The World Bank’s Global Gas Flaring Reduction Partnership—which works with the Colorado School of Mines, where one of us is based—has been trying to address these problems for decades. The focus, of course, is on supporting the development of better infrastructure, technology, market, and governance approaches to flaring. Finding ways for oil companies to capture and monetize the gas is particularly promising.

For example, Occidental Petroleum recently announced a highly successful methane capture and utilization program in Oman. In 2018, ExxonMobil put out a plan to cut its flaring by 25 percent by 2020 through a combination of technical and financial means. The same year, Azerbaijan’s state oil company, along with BP, captured billions of cubic meters of gas from offshore production facilities and moved them into their gas distribution systems. In Iraq, Shell is working with the government to use some associated gas at new petrochemical plants, which will save them billions of dollars. Gas flaring in Angola has also seen good progress in the past year, largely due to the ability to export the gas through a liquified natural gas plant.

Still, more is required. The technical solutions to flaring exist. Implementing them will require well-designed and well-enforced regulations and policies that can create the appropriate incentives and penalties for companies and governments in very different stages of development—and sometimes in conflict zones.

As the environmental health effects of flaring (which may include increased rates of asthma and other respiratory problems) become more understood, indiscriminate use of the practice throughout western Texas and North Dakota is likely to generate increased scrutiny by Congress, the Texas Railroad Commission, and other regulators or legislators.

There is no standard strategy that will work for every major flaring country; what ultimately reduces emissions in Venezuela is likely to be quite different than what works in Russia or in the United States. But the practice is not environmentally or economically sustainable over even the short term in any of these places, so a combination of policies, regulations, and markets will be needed—and quickly.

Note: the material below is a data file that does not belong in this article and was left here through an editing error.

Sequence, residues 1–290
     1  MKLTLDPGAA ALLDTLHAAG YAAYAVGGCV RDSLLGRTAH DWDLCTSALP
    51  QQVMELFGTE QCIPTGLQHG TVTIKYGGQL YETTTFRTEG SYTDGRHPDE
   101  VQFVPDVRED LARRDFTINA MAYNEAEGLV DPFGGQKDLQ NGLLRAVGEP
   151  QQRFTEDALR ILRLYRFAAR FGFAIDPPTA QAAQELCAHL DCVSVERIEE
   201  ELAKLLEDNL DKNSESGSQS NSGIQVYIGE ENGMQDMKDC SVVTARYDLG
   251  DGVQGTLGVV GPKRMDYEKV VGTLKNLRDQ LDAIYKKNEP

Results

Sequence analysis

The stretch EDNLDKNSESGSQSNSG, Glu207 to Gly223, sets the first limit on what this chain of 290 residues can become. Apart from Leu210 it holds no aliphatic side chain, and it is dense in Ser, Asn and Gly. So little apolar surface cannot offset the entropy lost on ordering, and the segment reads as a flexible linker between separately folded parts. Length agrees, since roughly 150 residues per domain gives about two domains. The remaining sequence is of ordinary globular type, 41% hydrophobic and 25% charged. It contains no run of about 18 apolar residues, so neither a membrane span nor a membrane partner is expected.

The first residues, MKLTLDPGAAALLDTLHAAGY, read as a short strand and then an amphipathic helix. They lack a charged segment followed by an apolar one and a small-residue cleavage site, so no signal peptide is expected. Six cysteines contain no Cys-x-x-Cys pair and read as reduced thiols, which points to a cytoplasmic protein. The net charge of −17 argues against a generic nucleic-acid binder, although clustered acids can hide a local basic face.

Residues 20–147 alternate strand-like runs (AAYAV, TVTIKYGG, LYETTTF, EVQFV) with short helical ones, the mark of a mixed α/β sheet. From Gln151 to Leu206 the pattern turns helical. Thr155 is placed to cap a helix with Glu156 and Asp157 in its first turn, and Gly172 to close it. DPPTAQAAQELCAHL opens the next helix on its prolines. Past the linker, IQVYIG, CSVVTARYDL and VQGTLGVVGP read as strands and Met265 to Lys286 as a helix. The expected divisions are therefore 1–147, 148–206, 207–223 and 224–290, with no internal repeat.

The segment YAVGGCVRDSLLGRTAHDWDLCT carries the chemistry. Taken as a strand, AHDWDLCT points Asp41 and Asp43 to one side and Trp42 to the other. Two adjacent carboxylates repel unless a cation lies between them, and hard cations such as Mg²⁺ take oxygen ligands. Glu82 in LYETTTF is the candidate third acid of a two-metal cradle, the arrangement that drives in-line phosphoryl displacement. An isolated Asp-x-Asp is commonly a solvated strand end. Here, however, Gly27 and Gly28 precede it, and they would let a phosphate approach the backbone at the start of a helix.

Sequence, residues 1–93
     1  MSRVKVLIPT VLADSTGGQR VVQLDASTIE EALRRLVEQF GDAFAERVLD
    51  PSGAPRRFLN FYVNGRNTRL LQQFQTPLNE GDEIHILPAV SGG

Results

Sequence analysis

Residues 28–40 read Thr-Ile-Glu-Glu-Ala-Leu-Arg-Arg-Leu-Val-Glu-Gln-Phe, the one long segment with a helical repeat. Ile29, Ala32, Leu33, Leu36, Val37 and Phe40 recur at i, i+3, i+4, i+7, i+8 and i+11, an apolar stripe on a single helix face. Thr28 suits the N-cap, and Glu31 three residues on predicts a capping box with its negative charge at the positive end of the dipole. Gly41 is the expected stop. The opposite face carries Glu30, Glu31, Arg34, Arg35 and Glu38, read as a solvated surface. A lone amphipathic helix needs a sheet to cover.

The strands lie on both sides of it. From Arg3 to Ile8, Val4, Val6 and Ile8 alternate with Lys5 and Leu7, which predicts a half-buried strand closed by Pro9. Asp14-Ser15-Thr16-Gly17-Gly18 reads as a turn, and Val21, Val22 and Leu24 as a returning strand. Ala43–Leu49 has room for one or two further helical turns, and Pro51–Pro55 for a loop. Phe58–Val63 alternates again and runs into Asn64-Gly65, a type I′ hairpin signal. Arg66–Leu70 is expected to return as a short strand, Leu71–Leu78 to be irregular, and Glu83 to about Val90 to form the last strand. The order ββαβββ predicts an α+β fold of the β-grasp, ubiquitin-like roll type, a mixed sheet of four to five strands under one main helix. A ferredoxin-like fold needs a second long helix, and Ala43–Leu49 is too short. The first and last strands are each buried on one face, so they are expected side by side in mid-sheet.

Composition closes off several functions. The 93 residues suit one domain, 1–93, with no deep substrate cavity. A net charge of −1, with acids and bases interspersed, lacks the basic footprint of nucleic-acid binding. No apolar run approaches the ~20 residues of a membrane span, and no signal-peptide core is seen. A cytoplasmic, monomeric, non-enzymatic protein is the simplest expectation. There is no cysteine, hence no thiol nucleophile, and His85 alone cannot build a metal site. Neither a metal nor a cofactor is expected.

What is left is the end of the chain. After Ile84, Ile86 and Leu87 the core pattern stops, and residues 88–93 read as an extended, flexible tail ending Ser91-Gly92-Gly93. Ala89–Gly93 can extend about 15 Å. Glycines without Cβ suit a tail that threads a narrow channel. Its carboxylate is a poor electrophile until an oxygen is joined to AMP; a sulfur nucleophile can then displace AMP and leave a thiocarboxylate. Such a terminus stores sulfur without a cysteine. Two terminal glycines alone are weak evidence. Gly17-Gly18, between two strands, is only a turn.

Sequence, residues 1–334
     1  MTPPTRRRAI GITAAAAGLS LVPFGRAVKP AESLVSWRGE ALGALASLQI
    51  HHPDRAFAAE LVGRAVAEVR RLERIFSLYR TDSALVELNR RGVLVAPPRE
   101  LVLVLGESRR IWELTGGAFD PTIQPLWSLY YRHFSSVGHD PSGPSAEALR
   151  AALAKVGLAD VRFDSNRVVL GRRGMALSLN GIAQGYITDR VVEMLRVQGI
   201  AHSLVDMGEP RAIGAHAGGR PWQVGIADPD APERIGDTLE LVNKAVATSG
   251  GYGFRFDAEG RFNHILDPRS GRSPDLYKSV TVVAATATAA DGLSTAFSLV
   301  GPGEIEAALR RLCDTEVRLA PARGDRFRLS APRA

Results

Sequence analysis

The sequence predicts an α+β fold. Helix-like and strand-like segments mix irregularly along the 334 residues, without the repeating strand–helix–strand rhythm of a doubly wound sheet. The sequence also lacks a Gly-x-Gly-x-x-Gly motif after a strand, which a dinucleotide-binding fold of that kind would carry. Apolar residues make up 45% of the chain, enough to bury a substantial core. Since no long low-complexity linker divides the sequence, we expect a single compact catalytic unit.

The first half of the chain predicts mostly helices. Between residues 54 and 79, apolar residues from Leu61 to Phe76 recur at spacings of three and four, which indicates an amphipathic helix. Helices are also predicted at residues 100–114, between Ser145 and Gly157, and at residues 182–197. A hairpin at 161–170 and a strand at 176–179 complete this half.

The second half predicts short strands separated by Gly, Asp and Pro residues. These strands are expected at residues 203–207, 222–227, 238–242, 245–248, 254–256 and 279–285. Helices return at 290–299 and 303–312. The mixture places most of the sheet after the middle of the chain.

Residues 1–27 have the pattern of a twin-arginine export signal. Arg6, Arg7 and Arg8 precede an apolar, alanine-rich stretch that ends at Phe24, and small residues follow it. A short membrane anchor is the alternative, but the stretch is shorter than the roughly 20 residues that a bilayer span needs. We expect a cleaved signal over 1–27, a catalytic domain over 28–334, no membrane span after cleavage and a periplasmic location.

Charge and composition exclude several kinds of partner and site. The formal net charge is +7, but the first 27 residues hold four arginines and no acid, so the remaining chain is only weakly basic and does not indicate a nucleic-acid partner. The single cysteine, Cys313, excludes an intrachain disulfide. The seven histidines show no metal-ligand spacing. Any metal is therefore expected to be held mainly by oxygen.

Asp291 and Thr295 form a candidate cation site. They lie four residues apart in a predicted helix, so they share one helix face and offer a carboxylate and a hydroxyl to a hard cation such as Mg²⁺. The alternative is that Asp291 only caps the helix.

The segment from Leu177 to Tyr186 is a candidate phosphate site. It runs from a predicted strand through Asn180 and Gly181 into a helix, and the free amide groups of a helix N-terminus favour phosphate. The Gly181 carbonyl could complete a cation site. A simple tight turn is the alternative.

Morgan D. Bazilian is the director of the Payne Institute and a professor of public policy at the Colorado School of Mines.

Joshua W. Busby is Associate Professor of Public Affairs at the Lyndon B. Johnson School of Public Affairs at the University of Texas at Austin.

More from Foreign Policy

Russian President Vladimir Putin chairs a commission on military-technical cooperation with foreign states in 2017.
Russian President Vladimir Putin chairs a commission on military-technical cooperation with foreign states in 2017.

What’s the Harm in Talking to Russia? A Lot, Actually.

Diplomacy is neither intrinsically moral nor always strategically wise.

Officers with the Security Service of Ukraine (SBU) wait outside an apartment in Kharkiv oblast, Ukraine.
Officers with the Security Service of Ukraine (SBU) wait outside an apartment in Kharkiv oblast, Ukraine.

Ukraine Has a Secret Resistance Operating Behind Russian Lines

Modern-day Ukrainian partisans are quietly working to undermine the occupation.

German Chancellor Olaf Scholz and French President Emmanuel Macron wave as they visit the landmark Brandenburg Gate illuminated in the colors of the Ukrainian flag in Berlin on May 9, 2022.
German Chancellor Olaf Scholz and French President Emmanuel Macron wave as they visit the landmark Brandenburg Gate illuminated in the colors of the Ukrainian flag in Berlin on May 9, 2022.

The Franco-German Motor Is on Fire

The war in Ukraine has turned Europe’s most powerful countries against each other like hardly ever before.

U.S. President Joe Biden holds a semiconductor during his remarks before signing an executive order on the economy in the State Dining Room of the White House in Washington, D.C.
U.S. President Joe Biden holds a semiconductor during his remarks before signing an executive order on the economy in the State Dining Room of the White House in Washington, D.C.

How the U.S.-Chinese Technology War Is Changing the World

Washington’s crackdown on technology access is creating a new kind of global conflict.